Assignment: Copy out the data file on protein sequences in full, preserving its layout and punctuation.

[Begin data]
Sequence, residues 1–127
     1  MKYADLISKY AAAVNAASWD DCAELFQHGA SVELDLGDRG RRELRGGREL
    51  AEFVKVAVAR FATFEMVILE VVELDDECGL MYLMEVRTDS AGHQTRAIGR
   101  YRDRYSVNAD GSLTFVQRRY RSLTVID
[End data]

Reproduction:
Sequence, residues 1–127
     1  MKYADLISKY AAAVNAASWD DCAELFQHGA SVELDLGDRG RRELRGGREL
    51  AEFVKVAVAR FATFEMVILE VVELDDECGL MYLMEVRTDS AGHQTRAIGR
   101  YRDRYSVNAD GSLTFVQRRY RSLTVID